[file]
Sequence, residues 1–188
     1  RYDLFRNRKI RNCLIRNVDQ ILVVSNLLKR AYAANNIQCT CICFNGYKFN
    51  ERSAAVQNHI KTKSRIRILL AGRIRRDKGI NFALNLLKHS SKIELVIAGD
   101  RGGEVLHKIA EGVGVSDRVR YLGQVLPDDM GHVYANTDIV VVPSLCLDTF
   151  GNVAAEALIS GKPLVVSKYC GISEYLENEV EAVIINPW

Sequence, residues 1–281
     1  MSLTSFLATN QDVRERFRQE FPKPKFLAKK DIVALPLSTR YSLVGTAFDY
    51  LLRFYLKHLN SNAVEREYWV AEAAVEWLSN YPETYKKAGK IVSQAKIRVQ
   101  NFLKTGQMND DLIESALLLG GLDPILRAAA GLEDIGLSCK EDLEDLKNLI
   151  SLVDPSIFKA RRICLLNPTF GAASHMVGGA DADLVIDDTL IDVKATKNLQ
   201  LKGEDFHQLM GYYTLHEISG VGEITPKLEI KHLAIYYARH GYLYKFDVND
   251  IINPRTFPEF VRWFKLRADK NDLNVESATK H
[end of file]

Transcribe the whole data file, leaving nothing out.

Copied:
Sequence, residues 1–188
     1  RYDLFRNRKI RNCLIRNVDQ ILVVSNLLKR AYAANNIQCT CICFNGYKFN
    51  ERSAAVQNHI KTKSRIRILL AGRIRRDKGI NFALNLLKHS SKIELVIAGD
   101  RGGEVLHKIA EGVGVSDRVR YLGQVLPDDM GHVYANTDIV VVPSLCLDTF
   151  GNVAAEALIS GKPLVVSKYC GISEYLENEV EAVIINPW

Sequence, residues 1–281
     1  MSLTSFLATN QDVRERFRQE FPKPKFLAKK DIVALPLSTR YSLVGTAFDY
    51  LLRFYLKHLN SNAVEREYWV AEAAVEWLSN YPETYKKAGK IVSQAKIRVQ
   101  NFLKTGQMND DLIESALLLG GLDPILRAAA GLEDIGLSCK EDLEDLKNLI
   151  SLVDPSIFKA RRICLLNPTF GAASHMVGGA DADLVIDDTL IDVKATKNLQ
   201  LKGEDFHQLM GYYTLHEISG VGEITPKLEI KHLAIYYARH GYLYKFDVND
   251  IINPRTFPEF VRWFKLRADK NDLNVESATK H